I am coming to somewhat of a belief that in Australia, if you're kiled by a car whilst not in a car yourself (that's the key part) that you're not considered a victim, unless it can be categorically proven otherwise. The victim blaming is growing daily, whether pedestrians or riders (of powered or non-powered conveyance). The more I see of other countries the more we have become a society ruled by 'vehicles that can do no wrong in many eyes'.

Jim

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Tequestra
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Re: Follow-up reporting on road deaths

Postby Tequestra » Wed Jun 13, 2018 1:19 pm

human909 wrote:In a much publicised follow up situation after 'harsh' rules were put in place. The lady got $1000 fine for killing a cyclist, the maximum was $1500. Which always makes me wonder how many cyclists do you need to kill to get the maximum penalty. :|

Hello again Mr Human and thanks for your reply. I suppose on having calmed down a bit and thought more carefully about it, that car-dooring is not so much a driving offence, per se', because passengers in taxis have been reported to do it as well. They may have no demerit points to lose, so it is not really a matter of demerit points as I complained about yesterday. It's just plain old manslaughter. $1,500 maximum fine eh? Life is cheap thesedays.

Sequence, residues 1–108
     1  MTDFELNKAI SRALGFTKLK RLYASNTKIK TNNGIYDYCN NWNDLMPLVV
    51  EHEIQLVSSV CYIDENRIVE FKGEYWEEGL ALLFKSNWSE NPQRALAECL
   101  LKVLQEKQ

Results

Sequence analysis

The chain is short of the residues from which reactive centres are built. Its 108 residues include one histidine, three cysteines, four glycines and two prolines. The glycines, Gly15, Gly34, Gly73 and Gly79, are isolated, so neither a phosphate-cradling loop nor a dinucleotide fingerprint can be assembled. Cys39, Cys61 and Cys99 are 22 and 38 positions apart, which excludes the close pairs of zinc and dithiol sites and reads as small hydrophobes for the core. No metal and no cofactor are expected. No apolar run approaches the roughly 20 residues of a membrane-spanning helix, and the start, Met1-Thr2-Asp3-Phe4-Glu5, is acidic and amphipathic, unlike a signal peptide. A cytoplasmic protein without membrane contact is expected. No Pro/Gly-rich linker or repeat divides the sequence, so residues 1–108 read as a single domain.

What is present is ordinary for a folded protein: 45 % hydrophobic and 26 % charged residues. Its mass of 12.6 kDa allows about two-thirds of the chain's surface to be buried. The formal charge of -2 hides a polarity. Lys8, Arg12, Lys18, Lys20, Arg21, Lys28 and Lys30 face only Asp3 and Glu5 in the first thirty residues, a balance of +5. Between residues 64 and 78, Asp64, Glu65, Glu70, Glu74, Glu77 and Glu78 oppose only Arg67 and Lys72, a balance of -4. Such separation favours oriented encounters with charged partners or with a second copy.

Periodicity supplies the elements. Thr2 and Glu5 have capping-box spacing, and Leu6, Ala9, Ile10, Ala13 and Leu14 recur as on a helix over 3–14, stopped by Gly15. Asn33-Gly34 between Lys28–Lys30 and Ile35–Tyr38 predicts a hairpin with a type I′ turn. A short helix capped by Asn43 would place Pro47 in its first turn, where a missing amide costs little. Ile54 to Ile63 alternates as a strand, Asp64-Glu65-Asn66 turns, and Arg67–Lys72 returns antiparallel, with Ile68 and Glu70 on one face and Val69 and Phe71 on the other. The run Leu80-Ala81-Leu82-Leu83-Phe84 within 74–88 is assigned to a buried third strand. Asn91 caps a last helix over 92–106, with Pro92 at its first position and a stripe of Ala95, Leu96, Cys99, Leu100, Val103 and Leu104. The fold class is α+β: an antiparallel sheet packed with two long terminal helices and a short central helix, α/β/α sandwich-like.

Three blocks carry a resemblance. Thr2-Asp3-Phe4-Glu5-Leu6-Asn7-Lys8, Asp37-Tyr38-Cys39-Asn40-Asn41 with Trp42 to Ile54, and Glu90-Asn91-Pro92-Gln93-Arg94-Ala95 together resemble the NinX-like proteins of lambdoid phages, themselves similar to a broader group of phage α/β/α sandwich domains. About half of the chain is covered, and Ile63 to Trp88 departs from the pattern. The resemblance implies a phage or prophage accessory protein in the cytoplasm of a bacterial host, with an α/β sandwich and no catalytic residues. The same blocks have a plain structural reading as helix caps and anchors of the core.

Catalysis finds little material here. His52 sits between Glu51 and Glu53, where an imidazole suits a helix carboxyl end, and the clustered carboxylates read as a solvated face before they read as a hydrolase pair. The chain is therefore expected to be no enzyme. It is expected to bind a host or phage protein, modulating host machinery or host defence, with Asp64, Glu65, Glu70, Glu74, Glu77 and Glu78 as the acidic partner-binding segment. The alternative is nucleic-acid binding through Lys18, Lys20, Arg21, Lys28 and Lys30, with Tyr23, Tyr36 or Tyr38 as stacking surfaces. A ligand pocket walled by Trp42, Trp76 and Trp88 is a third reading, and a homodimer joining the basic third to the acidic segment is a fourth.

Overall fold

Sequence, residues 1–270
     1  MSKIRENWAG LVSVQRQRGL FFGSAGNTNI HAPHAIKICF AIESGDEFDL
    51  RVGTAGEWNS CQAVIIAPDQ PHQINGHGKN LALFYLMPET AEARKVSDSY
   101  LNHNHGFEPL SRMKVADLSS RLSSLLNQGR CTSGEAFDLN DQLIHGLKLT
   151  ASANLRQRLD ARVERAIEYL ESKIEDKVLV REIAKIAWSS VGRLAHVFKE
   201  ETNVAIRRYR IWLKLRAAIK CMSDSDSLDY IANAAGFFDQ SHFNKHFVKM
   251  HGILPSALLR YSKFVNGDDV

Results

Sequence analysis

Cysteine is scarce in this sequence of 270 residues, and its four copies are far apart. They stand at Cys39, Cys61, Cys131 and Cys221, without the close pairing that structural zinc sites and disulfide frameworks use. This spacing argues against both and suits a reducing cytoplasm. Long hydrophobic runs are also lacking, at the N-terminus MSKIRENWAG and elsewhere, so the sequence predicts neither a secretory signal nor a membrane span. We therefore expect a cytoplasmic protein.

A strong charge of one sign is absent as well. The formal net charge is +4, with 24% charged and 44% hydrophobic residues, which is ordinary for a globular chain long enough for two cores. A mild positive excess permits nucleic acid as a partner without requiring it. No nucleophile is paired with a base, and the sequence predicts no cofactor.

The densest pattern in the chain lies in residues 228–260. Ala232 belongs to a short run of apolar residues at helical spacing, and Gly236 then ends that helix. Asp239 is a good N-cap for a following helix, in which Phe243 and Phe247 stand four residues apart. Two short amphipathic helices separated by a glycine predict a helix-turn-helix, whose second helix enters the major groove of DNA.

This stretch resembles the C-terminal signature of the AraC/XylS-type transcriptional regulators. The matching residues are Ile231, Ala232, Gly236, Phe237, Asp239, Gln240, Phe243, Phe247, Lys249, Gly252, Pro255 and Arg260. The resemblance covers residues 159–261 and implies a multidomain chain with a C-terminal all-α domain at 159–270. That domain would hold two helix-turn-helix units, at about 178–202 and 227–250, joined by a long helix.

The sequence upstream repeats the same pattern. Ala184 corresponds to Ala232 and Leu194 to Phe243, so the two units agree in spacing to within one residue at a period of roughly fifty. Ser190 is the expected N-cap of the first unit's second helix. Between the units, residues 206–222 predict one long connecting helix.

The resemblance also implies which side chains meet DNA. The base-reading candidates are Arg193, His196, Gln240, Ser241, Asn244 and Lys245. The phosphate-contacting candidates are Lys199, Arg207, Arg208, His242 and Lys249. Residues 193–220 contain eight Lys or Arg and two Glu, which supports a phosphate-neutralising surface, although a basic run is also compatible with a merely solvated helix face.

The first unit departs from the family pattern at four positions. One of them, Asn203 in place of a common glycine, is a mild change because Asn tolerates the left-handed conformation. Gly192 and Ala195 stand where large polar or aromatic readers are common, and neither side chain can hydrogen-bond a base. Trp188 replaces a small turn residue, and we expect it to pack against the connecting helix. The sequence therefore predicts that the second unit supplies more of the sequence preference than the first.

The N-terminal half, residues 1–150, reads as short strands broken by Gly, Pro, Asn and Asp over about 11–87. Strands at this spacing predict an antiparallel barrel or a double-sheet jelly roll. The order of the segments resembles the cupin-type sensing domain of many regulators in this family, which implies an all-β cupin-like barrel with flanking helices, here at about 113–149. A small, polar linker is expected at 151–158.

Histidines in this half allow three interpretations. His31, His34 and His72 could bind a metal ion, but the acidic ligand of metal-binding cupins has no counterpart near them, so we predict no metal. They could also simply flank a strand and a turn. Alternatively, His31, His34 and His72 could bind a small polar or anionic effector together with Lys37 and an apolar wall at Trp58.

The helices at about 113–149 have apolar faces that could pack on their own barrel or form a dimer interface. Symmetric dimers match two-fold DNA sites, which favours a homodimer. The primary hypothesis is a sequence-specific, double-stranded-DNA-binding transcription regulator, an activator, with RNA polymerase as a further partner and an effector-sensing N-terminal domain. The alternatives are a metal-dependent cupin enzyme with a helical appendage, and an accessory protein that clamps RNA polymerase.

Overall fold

I think there needs to be a major rethink about behaviours that cause deaths on our roads. The media have proven their power to convince the general public to support various minority groups in recent years. This has trickled down to the legislation eventually in some areas. It is up to the media to change peoples' attitudes towards cyclist killers, and I suppose it is up to people like us to change the media's attitude. I hope that I might help undo my damage yesterday and bring Peter's thread back on topic again.
Viva le Tour Electrique' !!!

hunch
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Re: Follow-up reporting on road deaths

Postby hunch » Thu Jun 14, 2018 8:42 pm

I've often wondered what happened with Dr Sueke crushed by a dog trailer on New South Head Rd. Should have been some sort of inquest/result by now after 3(?) years surely? Last heard the police were appealing for witnesses a few days after the incident, but fear it's a case of dead men tell no tales.

AdelaidePeter
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Re: Follow-up reporting on road deaths

Postby AdelaidePeter » Fri Jun 15, 2018 8:58 am

hunch wrote:I've often wondered what happened with Dr Sueke crushed by a dog trailer on New South Head Rd. Should have been some sort of inquest/result by now after 3(?) years surely? Last heard the police were appealing for witnesses a few days after the incident, but fear it's a case of dead men tell no tales.


The most recent news item I can find is from 2017 https://www.dailytelegraph.com.au/newsl ... eee95fc7ea .